David Ross (dyvyd) wrote,
David Ross

On Silence

I was greatly excited to find a copy of Yates' The Art of Memory while browsing for Wittgenstein at the Bloomington B&N store.  Being older now, I managed not to fall down a short staircase and break my elbow as I once did in a book store when I lunged for a book like it was a fumbled football, off balance and in vertigo over my discovery.  I had no interest in the price of this paperback.  It was now MINE.

I was looking also for Kripke's book on naming, but found instead his book on Wittgenstein: On Rules and Private Language.

So this morning I was very happy beginning to do some archaeology in the Foucault-ian sense on how John Crowley used the Yates materials in his Aegypt Cycle.  Profoundly, the concept of the imagines agentes-- or personifed,  fantastic tableaux that consist both of drama and symbol-- jumps right out as a wonderful novelistic tool.  So now I am re-reading Aegypt to see if not only do the fictional characters use this technique-- but are the characters themselves a form of this technique?  I suppose that a general or obvious way, of course they are if I insist;  but I will re-read to admire how much art may have been built into this idea that I may have missed on the first reading, not yet knowing Yates.

What I am trying to get out of Crowley's writing, beyond the story, the enrichment of the art, is an idea of how to imagine and structure a work of multiple volumes.  The Aegypt Cycle gets its structure from the research of Yates, significantly, but not of course, totally.  I am exploring options, for instance, such as a fictional journey using Wittgentein's propositions from the Tractatus as the structural glue.  Anybody is welcome to that, if they want to take it on!  There is more material out there than can be worked, and to some extent I believe the structural elements needed for fictiion may be nearly arbitrary-- merely a tree on which to hang things that must be brought to life.  And it is getting to the life part that is the real work.

That is another level that I appreciate about Crowley's fiction-- that it by itself is a work of alchemy.  By the arrangement of parts, and by the incantatory power of its text the alchemist brings forth "literary gold" from the dross, the confusion and messiness of our willy-nilly history. 

Note: the first book plate in the Yates book is titled Hermetic Silence.  Wittgenstein says we are in error if we attempt to say more than is demonstrably given. Logic is a smaller system than we would like it to be.  We confuse it with our need to explain.  Whereof one can not speak, thereof one must be silent.  Of course the trick is knowing where the line is drawn? I am wondering if Wittgenstein is thus not part of the hermetic tradition?  Do his pronouncement have the feel, if not the content, of a kind of Rosicrucianism? Does hermetic silence cover not some arcane wisdom, but instead hide the void?  Nothing to know, and thus nothing to say?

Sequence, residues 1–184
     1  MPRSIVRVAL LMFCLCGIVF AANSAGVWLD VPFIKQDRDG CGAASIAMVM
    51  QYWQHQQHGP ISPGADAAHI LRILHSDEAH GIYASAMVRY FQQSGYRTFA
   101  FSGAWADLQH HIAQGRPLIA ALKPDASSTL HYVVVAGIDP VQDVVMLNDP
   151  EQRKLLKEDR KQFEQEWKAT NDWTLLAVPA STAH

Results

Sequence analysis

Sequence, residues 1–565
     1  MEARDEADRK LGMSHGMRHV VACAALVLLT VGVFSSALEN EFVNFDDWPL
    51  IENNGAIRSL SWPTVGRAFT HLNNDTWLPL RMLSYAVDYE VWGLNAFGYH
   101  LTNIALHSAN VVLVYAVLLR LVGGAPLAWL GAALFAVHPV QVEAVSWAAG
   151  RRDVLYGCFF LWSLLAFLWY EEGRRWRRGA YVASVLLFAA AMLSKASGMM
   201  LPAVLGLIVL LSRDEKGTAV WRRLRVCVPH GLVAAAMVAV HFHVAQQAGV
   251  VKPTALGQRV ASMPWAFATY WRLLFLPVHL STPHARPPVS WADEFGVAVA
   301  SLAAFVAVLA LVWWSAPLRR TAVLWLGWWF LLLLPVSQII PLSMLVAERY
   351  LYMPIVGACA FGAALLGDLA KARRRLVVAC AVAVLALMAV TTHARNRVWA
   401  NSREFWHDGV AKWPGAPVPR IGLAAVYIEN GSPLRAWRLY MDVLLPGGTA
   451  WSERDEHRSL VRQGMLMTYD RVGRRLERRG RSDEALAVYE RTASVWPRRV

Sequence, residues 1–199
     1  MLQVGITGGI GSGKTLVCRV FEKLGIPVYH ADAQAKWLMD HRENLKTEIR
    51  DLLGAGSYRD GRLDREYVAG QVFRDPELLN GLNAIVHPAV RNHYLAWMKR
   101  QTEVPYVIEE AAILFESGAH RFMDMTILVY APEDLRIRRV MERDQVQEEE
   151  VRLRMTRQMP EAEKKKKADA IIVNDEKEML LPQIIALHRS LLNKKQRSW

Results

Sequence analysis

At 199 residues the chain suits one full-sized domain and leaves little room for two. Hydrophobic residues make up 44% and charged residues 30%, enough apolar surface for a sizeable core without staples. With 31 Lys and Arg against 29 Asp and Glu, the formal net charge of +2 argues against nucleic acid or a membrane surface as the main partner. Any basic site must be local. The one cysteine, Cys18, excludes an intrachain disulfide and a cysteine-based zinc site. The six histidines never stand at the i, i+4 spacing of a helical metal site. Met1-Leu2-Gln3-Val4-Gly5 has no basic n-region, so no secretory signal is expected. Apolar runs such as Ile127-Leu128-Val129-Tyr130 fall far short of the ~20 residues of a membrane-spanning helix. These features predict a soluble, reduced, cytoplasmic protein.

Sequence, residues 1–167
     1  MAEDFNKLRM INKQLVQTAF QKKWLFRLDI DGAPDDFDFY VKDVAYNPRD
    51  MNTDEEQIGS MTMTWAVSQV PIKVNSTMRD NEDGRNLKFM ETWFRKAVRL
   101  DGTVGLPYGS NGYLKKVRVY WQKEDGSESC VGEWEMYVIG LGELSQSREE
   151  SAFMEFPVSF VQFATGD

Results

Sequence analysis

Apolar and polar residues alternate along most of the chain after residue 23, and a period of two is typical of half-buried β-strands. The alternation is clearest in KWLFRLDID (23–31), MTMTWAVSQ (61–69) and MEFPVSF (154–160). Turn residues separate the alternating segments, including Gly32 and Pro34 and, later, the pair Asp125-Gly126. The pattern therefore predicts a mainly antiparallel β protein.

Fiction then, art?  To Wittgenstein are they just forms of wild error, unethical displays of excess, a crack cocaine for our brains, something that makes life a little more comfortable for us?  And yet if these illogical extensions of logic and fact are something we indulge in, are they then not in turn facts of our existence? But what sort of facts are they-- lesser, or imagined facts?  As humans do we exist in at least two realms-- the real and the humanly extended?  But since all that we can know is filtered by our human capacity, can we know the real at all, even though we may physically exist in it?  Don't we exist instead in a human fantasy we call reality as best we can, different perhaps for each of us?

And if reality cannot be known, then what is our task? Stop asking and look elsewhere? This is largely what we have always done.  But there is an important place for those who ask,  to keep asking.

I suppose our real task is to use  our human tools to live out our desires? 

And if we are to do so with human values, humanely, ethically, wisely,  do we not need rules, common principles of a mutually agreed reality? And if Wittgenstein's rules cannot in the end help us in our task? Don't we need novelists (like JC) whose fantasies give us structure and hope?  My circular logic is thus complete.

And yet the frustrated realist in me asks:  what can be more dangerous than a mutually-agreed-upon fantasy we call reality?  To which I immediately respond: who ever said we were safe?                       

Tags: john crowley, wittgenstein

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